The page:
As you set your new year goals for 2019, it’s a good idea to take stock of the progress you’ve made toward your goals this year. For many people, this review is unpleasant and can even lead to a downward spiral.
If you didn’t achieve all of the goals you set at the beginning of the year, you may feel like you have failed. Our self-esteem can take a hit, we can become disheartened and discouraged, and our motivation drops. Some people actually become depressed.
If this sounds familiar, it’s time to reframe how you look at success. Zeroing in on accomplishments that didn’t happen puts your focus on what you lack, rather than on what you have (the things you did experience and accomplish). This subtle mental trap leads to a host of negative consequences, which usually leads to attracting more lack.
The answer is not giving up the review of your year. Periodic review is essential to the process of growth and goal achievement. The key is to acknowledge, appreciate, and celebrate what you did accomplish, and then to refocus on the goals that you still want to achieve.
Achieving a goal is a lot like flying a plane. You’re guaranteed to be off course 99% of the time, which means that if you want to successfully reach your destination, it is essential to periodically check your position and correct your course. December and January is an ideal time to perform this much-needed review and analysis.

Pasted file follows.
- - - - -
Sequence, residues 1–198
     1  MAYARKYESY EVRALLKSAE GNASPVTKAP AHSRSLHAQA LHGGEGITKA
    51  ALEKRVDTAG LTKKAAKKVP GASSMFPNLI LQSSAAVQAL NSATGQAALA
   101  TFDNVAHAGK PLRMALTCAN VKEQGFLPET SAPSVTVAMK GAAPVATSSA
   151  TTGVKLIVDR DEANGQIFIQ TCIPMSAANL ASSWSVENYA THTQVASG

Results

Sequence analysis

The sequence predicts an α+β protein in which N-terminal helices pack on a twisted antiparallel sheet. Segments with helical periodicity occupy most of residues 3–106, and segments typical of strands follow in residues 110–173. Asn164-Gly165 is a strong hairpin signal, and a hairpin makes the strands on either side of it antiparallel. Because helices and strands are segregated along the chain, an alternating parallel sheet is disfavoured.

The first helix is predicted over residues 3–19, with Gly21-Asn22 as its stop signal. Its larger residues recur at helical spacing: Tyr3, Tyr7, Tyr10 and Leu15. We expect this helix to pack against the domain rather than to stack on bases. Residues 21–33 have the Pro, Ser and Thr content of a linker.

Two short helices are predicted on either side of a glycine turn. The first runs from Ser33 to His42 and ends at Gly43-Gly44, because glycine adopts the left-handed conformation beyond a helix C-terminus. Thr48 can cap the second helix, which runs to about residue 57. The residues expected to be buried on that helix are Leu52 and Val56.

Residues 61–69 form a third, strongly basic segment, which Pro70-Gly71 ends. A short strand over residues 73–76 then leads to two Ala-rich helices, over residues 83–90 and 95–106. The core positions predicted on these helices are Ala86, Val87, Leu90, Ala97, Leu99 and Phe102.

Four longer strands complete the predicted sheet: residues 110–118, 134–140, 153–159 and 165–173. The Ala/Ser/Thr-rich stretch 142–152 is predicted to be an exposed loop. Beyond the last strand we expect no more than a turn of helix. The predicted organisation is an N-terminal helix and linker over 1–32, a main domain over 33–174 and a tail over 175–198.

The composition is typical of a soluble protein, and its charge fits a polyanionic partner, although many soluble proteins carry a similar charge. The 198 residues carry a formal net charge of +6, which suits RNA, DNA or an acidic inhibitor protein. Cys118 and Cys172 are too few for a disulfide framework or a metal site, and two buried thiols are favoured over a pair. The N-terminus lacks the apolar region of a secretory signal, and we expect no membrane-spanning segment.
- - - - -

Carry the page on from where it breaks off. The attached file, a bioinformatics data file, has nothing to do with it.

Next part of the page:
Create a “Win List” For the Year
One of the techniques I teach my coaching clients is to create a detailed “Win List” at the end of the year. Its purpose is to help you acknowledge all of your wins, especially those that didn’t start as a written goal or intention.
This powerful technique takes about 30 minutes to complete. Start by listing all of the goals you set and achieved this year. Then list any other wins you think of – both large and small.
Here are some questions to help identify your successes.
• What wins or progress did you achieve in business?
• Did you discontinue an old product or develop a new product or product line?
• Did you identify a new market to focus on?
• Did you create any new marketing pieces or campaigns?
• Did you delegate any tasks to become more productive? This could include adding new staff and/or assistants, such as a housekeeper, executive assistant, gardener, errand runner, babysitter, or child care person. It also might include putting new systems into place to increase your efficiency.